Friends in businees tell me they are booking more air travel because their European clients do not wish to fly to them on cost grounds.

All means more demand from UK passengers. Viability is all probably based on the business model of the individual airline. There are plenty of passengers out there and I think the secure airlines will be fine.

MM
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Old 12th Sep 2008, 11:17
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Jet2 announces big profits

Dart Group PLC, the aviation and distribution group, reports on the first five months of trading of its principal operating subsidiaries Jet2.com, the northern based airline, and Fowler Welch-Coolchain one of the UKís largest chilled distribution companies.



The Groupís underlying profit before taxation (before specific IAS 39 fair value movements) for the first half of the year is expected to be in excess of £30 million, with full year results in advance of current market expectations.



The Groupís aviation business is set for a record summer. By focusing on its core European leisure routes, our scheduled airline, Jet2.com, is delivering improved yields coupled with load factors on these routes in excess of 90% in the peak months. Trading performance has been supported by increased charter volumes, strong cost control, and a conservative approach to fuel hedging. Our ATOL-protected holidays company, Jet2holidays.com, continues to grow strongly by meeting our customersí demand for a package holiday from their local airport.


shareprice up 35% today
757flyer is offline  
Old 12th Sep 2008, 11:20
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Hi everyone,

Please don't pay a lot of attention to my English as I am not a native speaker...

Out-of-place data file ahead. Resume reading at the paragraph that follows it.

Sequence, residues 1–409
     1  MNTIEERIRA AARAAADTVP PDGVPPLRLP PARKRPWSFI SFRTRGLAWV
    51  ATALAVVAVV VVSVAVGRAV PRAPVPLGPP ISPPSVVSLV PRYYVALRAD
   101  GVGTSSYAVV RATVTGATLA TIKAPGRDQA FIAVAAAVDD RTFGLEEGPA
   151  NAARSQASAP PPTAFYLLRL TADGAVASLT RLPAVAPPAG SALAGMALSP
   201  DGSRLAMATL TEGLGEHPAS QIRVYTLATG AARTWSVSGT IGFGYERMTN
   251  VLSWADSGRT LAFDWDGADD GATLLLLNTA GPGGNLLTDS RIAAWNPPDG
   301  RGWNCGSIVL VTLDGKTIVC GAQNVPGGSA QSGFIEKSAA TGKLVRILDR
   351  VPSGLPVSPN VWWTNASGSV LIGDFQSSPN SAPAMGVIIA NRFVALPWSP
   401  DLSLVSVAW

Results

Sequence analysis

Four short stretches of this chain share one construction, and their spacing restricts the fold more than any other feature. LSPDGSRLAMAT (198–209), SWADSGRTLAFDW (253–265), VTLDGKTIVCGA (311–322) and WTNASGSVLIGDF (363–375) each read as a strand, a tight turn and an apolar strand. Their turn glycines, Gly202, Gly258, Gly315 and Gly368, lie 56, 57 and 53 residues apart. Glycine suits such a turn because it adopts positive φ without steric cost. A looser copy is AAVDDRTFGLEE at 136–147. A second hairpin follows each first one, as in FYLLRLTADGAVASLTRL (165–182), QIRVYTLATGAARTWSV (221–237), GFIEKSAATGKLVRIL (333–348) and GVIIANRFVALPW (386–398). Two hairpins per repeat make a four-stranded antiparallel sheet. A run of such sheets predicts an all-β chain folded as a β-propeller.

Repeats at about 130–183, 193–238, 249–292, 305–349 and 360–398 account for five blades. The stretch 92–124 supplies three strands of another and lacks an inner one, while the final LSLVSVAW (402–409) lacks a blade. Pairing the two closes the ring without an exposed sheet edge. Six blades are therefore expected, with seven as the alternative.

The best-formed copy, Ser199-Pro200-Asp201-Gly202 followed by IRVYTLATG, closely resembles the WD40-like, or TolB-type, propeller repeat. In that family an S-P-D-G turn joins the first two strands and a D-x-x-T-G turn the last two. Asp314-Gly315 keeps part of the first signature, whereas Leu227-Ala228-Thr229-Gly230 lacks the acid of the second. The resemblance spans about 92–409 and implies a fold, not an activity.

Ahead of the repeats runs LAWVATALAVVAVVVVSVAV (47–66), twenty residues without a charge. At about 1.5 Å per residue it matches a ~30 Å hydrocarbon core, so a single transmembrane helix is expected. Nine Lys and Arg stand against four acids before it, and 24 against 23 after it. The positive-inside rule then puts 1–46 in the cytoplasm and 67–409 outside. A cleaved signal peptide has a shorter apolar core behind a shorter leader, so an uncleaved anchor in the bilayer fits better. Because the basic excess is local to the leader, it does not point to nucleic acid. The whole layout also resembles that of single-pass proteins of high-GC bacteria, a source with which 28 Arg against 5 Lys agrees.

Concerning the statement 'is this the end of lcc's?'
I'm sorry to be rude but it seems to me that you do not understand the difference between a LCC and the management of a company.

I always have to laugh because of lines like mentioned in this threath's tittle. The 2 biggest LCCs in the world right now, Ryanair and Southwest, are also the most profitable airlines from the past years! And gues what, those 2 LCCs have the biggest savings account in the bank!

Concerning the fact that some airlines go bankrupt: Company Management people! If the management of your company isn't capable of coping with changing economical climats, well sorry then but 'bye bye'.

Is the market to little so the management can't do anything about it? Hello, rule 1 to manage a company: how will I survive above my bussiness opponents? What are my strengths and weakness and how about the other companies in the same bussiness?

In the 90ties, I believe, to little airlines managements didn't look forward enough, meaning 15 to 20 years. But people have learned, for example look at what Lufthanse is doing, or KLM/Air France.

So, please don't say something like 'oh boy, those LCCs again'. Firstly XL was a charter airline, they knew quite ahead what traffic loads to expect as they were already filling their airplanes in winter for flights in summer (a lot people book their summerholiday in winter) and yet XL wasn't capable to anticipate with their cost-structure... It think that's a shame, but hey, just my opinion right.

Have a nice day
Bolter152 is offline  
Old 12th Sep 2008, 11:21
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The share price says it all. But so does the atmosphere in the main office there is such an air of optimism and creativity to use the assets to their maximum potential its a pleasure to see.
Captainkingkong is offline  
Old 12th Sep 2008, 11:45
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As has already been stated, XL wasn't a LCC. Yes there will be plenty of LCC's going under this winter but equally plenty of full service/ legacy carriers too. The thread title in inappropriate. Good luck to all XL staff.